Baked spaghetti. We liked this, which is good, because I made extra to freeze. I used cottage cheese instead of ricotta.

Cup of cocoa cake. A nice, dense cake. I found myself wishing it had some sort of glaze or icing.

Broccoli quinoa casserole. We made this without the chicken. Super yummy! Even the kids who didn't want to taste it at first were converted.


Red Chief makes brownies

Yesterday I let Red Chief make brownies. By himself. The brownies turned out great (yay!), but somehow we ended up with a boy covered in cocoa powder, cocoa footprints going across the carpet, and a big cocoa mess on the counter. He took a quick bath while the brownies were in the oven, and I took over clean-up to avoid further disaster.

It was worth it. He was so proud.


Freezer to slow cooker meals with VEGETABLES and LESS or NO MEAT

Slow cooker photo in public domain (source). Broccoli photo copyright David Monnieaux, Creative Commons share alike license (source).

I've tried a lot of freezer to slow cooker recipes over the last few months. Some we liked, and some were just okay. I've learned a lot about crockpot cooking, like that you can shred cooked chicken in the mixer, and that standing your gallon freezer bag in a pitcher is a very good idea.

I've also learned a bit about myself, including the fact that I don't want chicken (or even meat) every night, and that I like more veggies than meat in my dinners.

In any case, here are some of our favorite freezer to crockpot meals. They're all fairly easy to prepare. I like to double them: one to cook today, and one to freeze for another day. I feel more sane if I just make up one or two recipes every day, instead of trying to make them all at once.

Frozen chopped onions work well in all these recipes and save a lot of time and tears.

This page has a printable to help you keep track of what's in your freezer.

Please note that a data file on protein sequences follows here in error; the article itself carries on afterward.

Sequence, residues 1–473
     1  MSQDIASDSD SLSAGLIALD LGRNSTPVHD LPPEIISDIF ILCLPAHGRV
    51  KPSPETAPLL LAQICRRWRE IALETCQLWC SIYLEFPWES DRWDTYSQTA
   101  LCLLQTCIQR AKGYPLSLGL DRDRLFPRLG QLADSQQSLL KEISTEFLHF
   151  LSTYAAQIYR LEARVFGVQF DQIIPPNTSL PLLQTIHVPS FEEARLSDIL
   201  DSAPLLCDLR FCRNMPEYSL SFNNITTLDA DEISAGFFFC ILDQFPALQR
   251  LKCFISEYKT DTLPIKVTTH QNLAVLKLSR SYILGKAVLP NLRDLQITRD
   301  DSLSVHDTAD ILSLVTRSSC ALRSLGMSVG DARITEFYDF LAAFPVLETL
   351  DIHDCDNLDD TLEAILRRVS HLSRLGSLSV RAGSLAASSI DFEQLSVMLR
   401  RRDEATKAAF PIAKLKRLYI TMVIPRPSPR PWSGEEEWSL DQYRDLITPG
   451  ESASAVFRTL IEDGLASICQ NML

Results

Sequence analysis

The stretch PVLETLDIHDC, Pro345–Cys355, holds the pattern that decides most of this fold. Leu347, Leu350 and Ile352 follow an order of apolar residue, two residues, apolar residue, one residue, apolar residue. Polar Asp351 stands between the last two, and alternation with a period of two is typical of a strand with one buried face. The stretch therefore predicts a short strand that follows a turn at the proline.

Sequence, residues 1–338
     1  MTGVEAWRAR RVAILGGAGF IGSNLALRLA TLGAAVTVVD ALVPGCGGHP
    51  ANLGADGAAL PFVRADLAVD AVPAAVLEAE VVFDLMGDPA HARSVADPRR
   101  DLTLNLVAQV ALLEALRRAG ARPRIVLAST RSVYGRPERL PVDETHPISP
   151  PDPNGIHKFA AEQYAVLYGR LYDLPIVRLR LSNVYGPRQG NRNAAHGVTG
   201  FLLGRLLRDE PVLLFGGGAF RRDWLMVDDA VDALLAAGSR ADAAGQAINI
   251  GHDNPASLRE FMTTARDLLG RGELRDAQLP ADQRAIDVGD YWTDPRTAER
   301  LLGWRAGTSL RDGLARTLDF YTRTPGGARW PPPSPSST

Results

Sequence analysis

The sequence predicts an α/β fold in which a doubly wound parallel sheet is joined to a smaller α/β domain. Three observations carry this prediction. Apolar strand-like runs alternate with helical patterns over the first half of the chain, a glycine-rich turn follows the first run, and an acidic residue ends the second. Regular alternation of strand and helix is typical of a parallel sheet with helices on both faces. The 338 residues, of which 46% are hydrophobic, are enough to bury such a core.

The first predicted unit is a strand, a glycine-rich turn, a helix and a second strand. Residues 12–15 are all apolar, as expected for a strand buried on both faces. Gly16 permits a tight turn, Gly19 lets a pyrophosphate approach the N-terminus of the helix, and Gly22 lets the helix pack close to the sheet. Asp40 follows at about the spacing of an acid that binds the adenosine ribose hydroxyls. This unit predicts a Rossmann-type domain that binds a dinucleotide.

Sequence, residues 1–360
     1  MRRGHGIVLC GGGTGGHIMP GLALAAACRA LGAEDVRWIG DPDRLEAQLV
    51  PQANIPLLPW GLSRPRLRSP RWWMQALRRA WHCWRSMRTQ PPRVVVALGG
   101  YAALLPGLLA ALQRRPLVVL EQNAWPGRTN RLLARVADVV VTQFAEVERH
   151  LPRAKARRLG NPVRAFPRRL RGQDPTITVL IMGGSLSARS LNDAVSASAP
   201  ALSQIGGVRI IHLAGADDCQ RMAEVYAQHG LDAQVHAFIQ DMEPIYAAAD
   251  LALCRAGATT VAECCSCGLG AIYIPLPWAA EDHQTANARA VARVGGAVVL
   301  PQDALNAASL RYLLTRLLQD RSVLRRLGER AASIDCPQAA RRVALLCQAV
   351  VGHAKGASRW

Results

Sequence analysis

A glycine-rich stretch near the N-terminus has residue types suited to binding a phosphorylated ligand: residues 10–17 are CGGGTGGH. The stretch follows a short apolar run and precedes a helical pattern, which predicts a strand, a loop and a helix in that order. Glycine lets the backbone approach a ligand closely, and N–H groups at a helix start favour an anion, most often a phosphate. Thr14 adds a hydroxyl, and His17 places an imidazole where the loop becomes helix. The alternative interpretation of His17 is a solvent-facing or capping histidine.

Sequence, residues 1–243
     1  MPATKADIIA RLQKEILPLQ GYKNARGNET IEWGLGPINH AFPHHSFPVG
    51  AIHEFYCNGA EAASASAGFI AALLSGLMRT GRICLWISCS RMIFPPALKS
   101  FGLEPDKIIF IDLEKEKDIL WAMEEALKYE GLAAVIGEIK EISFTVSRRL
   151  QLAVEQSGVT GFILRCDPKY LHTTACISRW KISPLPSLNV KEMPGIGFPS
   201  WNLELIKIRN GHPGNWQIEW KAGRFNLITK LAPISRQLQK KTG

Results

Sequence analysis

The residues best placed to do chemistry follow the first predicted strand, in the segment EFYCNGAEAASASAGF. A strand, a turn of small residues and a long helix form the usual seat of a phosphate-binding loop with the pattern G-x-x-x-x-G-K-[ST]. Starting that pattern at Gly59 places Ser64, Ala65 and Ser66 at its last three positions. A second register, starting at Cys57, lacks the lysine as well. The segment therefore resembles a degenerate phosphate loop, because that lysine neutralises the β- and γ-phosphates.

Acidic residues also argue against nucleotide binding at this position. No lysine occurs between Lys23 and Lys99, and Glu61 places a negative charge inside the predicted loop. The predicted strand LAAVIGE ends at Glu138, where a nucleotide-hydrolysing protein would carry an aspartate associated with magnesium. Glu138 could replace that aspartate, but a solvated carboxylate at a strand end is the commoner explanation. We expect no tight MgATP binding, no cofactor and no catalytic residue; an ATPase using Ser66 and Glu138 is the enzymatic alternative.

A note on side dishes: Brown rice freezes very well. Cook up a batch and freeze, then thaw overnight and reheat in the microwave in just a few minutes. These biscuits freeze beautifully as a side for soups and go straight from freezer to oven.

I will update this page if I find more recipes that we love.


Creamy cauliflower soup
1/4 cup butter
1 onion, diced
2 1-pound bags frozen cauliflower (fresh is nice too)
1 cup water
2 tablespoons chicken bouillon
1 cup dry instant powdered milk
salt and pepper to taste

Sauté onion in butter, then add 1 cup water, 2 tablespoons chicken bouillon, and milk powder. Freeze. When ready to cook, add frozen mixture to slow cooker with 2 bags frozen cauliflower and 3 cups water. Cook on low 7-8 hours. Purée in blender or food processor, or with stick blender.

Chicken broccoli alfredo
1.5 chicken breasts, cubed or whole
1 16-ounce bag frozen broccoli
1–2 bell peppers, chopped
1 16-ounce jar alfredo sauce
12 oz. pasta

Dump all ingredients except pasta into gallon freezer bag; freeze. Thaw in fridge overnight, then cook on low 4-6 hours. If you left your chicken whole, remove and shred, then add back in. Mix in 12 oz. cooked pasta.

Chicken fajitas
2–3 bell peppers, cut in strips
1 onion, cut in strips
6 chicken thighs, cubed
1/2 cup chicken broth
1 packet taco seasoning
1 packet ranch seasoning

Dump all ingredients into gallon freezer bag; freeze. Thaw in fridge overnight, then cook on low 5-6 hours. Serve with tortillas, salsa, sour cream, chopped tomatoes, cilantro, etc.